Monday, May 3, 2021

Jello, my Favorite

Most of you know that Lexi has POTS (postural orthostatic tachycardia syndrome.) Getting her diagnosis took several years, several doctors, several tests, and several misdiagnoses. So when I suspected Brooklyn of possibly having this, I cut straight to the chase and went to the cardiologist who diagnosed Lexi.

Recently Brooklyn has had episodes where her heart races for no apparent reason. She has gone to the school nurse a number of time in the past few weeks with a heart rate over 170. That in and of itself set of alarm bells, but it also got me thinking. When Brooklyn was doing cheer this past fall, she would come home from practice with a headache every day. She said she was totally out of breath and couldn't run around the campus without stopping several times. This girl has always been fit and athletic; she used to not only run around the football field, but she was usually one of the first girls to complete the circuit. Back when this was happening, I didn't think much of it. I told Brooklyn she was just out of shape after lying around, watching Netflix, and eating Nutella for months on end at the start of the pandemic. I mean, who wasn't out of condition this past fall, right? But given her racing heart issues, I began to wonder if there was more to her fatigue and breathlessness when she was in cheer.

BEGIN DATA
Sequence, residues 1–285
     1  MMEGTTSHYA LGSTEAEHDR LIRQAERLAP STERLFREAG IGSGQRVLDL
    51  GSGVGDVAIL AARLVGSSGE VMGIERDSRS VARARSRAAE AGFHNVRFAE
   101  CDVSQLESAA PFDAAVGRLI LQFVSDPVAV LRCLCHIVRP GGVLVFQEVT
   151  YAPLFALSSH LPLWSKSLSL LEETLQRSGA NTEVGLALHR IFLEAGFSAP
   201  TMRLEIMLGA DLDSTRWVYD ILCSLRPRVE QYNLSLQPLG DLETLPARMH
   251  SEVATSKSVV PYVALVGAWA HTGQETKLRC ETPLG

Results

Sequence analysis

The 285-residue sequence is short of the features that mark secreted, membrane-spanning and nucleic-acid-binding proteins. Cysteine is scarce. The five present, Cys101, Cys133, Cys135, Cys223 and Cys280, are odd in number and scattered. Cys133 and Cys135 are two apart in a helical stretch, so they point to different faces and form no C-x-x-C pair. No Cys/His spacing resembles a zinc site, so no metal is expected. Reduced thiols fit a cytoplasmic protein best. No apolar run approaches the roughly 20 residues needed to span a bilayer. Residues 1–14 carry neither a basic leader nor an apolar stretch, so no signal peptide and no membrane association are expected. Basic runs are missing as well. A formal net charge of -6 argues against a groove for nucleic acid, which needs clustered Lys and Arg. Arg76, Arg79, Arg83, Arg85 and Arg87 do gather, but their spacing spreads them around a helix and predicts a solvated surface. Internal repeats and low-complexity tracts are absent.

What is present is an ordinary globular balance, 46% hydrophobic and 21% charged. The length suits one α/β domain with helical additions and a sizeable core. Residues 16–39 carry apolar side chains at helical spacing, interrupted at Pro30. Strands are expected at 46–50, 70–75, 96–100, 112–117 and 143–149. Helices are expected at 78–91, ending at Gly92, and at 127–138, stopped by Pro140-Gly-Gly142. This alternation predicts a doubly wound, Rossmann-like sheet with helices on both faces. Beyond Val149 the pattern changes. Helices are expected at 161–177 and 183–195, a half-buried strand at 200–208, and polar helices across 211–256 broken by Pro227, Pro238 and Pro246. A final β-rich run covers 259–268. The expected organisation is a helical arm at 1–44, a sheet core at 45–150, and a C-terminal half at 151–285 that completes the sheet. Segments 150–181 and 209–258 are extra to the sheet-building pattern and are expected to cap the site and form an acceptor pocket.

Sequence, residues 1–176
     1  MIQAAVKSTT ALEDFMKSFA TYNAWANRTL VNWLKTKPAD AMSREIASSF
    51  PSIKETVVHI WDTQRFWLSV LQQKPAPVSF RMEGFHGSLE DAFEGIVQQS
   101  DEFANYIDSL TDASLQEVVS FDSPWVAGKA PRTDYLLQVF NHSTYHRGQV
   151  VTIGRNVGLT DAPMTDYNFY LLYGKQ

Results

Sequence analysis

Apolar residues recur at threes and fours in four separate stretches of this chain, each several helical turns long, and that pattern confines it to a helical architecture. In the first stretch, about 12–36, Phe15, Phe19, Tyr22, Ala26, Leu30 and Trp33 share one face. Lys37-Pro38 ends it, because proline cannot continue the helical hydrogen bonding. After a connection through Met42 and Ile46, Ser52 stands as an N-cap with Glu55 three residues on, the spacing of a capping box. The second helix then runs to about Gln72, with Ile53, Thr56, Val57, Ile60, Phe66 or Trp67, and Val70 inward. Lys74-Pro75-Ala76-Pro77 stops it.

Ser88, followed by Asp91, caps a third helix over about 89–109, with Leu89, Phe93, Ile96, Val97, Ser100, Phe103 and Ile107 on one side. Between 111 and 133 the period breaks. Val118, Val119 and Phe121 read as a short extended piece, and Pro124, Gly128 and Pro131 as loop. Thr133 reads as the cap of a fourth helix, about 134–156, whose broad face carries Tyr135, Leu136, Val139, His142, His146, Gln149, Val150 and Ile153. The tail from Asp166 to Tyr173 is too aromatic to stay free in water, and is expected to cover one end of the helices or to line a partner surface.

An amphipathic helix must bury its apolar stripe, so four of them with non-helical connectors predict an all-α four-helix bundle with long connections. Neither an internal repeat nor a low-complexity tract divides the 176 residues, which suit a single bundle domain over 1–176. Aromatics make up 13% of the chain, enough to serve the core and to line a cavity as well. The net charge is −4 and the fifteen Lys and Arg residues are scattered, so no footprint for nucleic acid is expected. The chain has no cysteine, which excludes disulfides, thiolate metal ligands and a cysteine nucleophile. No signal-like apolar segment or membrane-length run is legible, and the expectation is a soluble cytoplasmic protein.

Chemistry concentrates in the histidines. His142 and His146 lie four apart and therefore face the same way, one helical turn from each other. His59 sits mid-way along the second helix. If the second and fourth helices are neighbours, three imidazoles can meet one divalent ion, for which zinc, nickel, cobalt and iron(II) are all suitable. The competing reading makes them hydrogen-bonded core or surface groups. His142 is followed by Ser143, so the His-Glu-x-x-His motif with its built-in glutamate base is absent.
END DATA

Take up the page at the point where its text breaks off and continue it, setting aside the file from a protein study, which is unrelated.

And for many months now, Brooklyn will get up out of bed or off the couch, walk a few steps, then sit right back down because she's lightheaded. Again, I didn't think too much of it; I just told her to get up more slowly.

But with all these symptoms together, it was just a little too reminiscent of Lexi so I made an appointment with the pediatric cardiologist. Last week he did an EKG, an echocardiogram, and a chest x-ray. All were normal. Her heart looks fine which didn't surprise me since I think she has some dysautonomia thing going on. He's sending us a heart monitor for her to wear for 24 hours, and he ordered a bunch of bloodwork as well.

So I made an appointment at Quest for early this morning since Brooklyn needed to fast for one of the tests. One of the 24 tests he ordered confused the phlebotomist at Quest. Now, I get that maybe this isn't a common test, and maybe she hadn't encountered this one before. But the doctor had written out the instructions in simple, plain English. The patient was to lie down for 5 minutes, after which time her blood was to be drawn while she was still supine. Then the patient was to stand for 10 minutes, after which time her blood was to be drawn a second time for this particular test. Well, this completely stumped the woman at Quest. She made a phone call to someone who was apparently also clueless. She also said she couldn't draw the fasting test because the doctor had written something about having it taken at 8:00. (The doctor had told us it was fasting so we should go in the morning.) Our appointment was 8:45 and that was too long past 8:00 according to this woman so she wouldn't draw blood for that test either. She just stood there, looking at the papers again and again, dropping them on the floor, looking some more and saying repeatedly that they didn't know what to do. At this point, I just asked her to return all the doctor's orders so we could just go to the hospital to have it done. I was a little aggravated because I was expecting to get to work before school started, and now we'd have to go to the hospital and spend more time waiting.